Could Test-Tube Turkey be a Thanksgiving Staple?

Pass the petri broth? Cultured turkey could be the eco-friendly dinner of the future. Photos: (left) Dustin Day, (right) Alcinoe, via wikimedia commons.

Test-tube turkey sounds like a science experiment gone terribly wrong, but it could be an ethical and environmental breakthrough.

Imagine a future when the turkey on your plate was never truly a bird at all. Instead, its story began as a turkey stem cell, grown to a few million cells in a petri dish, then raised into a nice, juicy hunk of muscle tissue. This meat, designed to taste and feel just like any other bite of turkey, was raised entirely on water, animal-free nutrients, sunlight, and CO2. To keep the cells alive, the muscle was periodically jolted with electricity.

If it sounds creepy, writer Michael Specter observes in an interview with NPR, “There is something more inherently creepy about the way we deal with the animals that we eat.”

Specter, who wrote about cultured meat for The New Yorker in May, is hitting on one of the many solutions that “test-tube meat” could offer. PETA is among the proponents, and for those concerned with the unchecked cruelties of factory farming, cultured meat is an appealing solution.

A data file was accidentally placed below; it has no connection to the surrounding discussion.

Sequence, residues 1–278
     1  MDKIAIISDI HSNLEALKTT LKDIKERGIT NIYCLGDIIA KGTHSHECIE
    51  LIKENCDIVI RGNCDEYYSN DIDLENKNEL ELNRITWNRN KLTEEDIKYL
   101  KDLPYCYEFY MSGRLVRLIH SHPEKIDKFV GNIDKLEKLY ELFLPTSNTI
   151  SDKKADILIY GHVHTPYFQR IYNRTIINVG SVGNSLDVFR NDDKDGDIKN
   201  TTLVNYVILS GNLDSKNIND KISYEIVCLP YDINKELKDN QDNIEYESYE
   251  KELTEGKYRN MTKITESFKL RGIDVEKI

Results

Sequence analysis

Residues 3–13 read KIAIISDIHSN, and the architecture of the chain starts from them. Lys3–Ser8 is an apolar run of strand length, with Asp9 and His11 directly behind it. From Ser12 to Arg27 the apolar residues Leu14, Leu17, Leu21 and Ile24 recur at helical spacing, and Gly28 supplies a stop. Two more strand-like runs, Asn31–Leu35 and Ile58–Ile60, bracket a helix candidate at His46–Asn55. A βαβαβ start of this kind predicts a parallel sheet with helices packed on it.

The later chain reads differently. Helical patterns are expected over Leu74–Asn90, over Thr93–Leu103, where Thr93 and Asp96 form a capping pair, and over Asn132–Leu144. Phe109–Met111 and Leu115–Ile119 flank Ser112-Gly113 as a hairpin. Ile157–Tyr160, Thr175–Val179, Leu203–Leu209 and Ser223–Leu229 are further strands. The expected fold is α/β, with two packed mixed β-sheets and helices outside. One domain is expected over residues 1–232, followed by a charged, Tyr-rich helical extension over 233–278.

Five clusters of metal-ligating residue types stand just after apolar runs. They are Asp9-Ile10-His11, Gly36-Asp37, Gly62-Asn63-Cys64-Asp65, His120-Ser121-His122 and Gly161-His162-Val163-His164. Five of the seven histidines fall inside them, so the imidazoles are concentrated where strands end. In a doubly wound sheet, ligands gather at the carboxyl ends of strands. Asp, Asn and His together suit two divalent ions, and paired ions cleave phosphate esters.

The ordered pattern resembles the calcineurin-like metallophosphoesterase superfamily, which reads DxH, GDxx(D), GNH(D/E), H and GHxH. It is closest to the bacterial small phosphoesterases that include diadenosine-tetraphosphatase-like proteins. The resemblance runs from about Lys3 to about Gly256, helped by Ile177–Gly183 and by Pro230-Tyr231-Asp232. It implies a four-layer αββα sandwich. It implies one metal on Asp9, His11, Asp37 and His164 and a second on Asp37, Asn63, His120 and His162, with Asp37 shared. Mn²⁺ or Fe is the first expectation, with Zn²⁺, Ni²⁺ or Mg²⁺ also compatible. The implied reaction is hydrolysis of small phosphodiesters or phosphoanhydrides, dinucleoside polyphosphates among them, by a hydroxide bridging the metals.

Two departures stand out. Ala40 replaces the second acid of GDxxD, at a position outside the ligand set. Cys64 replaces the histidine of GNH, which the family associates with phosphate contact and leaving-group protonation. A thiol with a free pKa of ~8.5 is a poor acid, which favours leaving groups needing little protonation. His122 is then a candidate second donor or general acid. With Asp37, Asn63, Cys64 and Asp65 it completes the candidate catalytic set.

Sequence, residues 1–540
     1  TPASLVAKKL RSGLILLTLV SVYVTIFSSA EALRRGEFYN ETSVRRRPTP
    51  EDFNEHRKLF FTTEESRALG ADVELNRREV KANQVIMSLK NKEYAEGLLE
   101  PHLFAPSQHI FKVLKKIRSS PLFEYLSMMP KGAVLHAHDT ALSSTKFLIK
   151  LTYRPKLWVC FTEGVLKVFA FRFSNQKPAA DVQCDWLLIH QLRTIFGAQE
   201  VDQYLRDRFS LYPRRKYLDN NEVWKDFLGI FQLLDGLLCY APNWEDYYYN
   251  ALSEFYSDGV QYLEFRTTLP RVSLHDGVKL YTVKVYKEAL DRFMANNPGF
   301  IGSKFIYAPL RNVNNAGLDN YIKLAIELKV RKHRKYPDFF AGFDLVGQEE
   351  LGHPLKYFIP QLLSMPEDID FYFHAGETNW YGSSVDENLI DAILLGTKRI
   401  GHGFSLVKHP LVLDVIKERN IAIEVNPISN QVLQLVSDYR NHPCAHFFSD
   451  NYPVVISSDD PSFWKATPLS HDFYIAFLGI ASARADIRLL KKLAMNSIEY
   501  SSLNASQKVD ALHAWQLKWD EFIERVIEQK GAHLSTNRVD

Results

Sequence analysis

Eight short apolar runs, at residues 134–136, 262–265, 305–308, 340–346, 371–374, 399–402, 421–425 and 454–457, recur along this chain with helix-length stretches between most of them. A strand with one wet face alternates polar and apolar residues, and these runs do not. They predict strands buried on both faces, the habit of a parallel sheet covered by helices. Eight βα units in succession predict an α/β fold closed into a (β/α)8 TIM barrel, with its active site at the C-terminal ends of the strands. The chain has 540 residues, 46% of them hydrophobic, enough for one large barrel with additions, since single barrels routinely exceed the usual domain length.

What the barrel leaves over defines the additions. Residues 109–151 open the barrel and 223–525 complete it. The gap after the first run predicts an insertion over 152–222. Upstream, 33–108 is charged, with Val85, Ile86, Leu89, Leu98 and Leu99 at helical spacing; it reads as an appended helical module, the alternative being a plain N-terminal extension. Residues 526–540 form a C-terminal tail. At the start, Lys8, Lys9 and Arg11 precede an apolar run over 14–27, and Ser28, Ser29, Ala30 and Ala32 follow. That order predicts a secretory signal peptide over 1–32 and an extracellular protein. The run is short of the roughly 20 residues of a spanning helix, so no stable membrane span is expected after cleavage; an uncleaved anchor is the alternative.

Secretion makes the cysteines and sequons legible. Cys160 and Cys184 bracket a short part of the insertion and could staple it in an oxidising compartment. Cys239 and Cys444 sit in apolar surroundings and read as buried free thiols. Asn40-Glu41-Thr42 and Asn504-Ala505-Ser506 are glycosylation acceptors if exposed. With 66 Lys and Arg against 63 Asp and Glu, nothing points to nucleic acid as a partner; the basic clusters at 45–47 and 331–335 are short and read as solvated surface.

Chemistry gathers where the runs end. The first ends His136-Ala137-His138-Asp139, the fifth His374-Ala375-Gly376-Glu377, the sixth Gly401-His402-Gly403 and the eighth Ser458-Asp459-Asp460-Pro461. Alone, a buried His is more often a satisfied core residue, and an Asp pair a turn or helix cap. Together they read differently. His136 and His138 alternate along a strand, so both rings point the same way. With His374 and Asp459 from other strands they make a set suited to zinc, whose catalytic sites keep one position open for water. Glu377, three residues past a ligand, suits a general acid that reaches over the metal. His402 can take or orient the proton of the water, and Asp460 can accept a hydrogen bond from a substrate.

It’s also a green option. Researchers at Oxford and the University of Amsterdam published a report in July comparing the environmental impact of cultured as opposed to conventional meat. Among the potential benefits:
- 78-96% lower greenhouse gas emissions
- 7-45% lower energy use
- 99% lower land use
- 82-96% lower water use

In the case of the Thanksgiving bird, even if cultured turkey required more energy to produce than raising the real thing, it would still use dramatically less land and water. In addition, the authors proposed turning former farmland into carbon sequestration areas to make cultured meat effectively carbon neutral.

Despite the benefits, test-tube turkey is unlikely to happen any time soon. A workshop in Sweden this September brought twenty-five interdisciplinary scientists from around the world together to discuss how to proceed in cultured meat research. While much of the discussion highlighted the possibilities—such as reducing cases of avian flu and agricultural run-off—it also highlighted the technical unknowns involved in growing cultured meat on a mass scale. Ultimately, the process itself is expensive and funding for research is low.

Whether cultured meat is the Thanksgiving dinner of the future or not, the Perch has got all the facts on Thanksgiving present. Don't forget to visit our Thanksgiving roundup for recipes, tales of tofurky, and a history of cranberries. 

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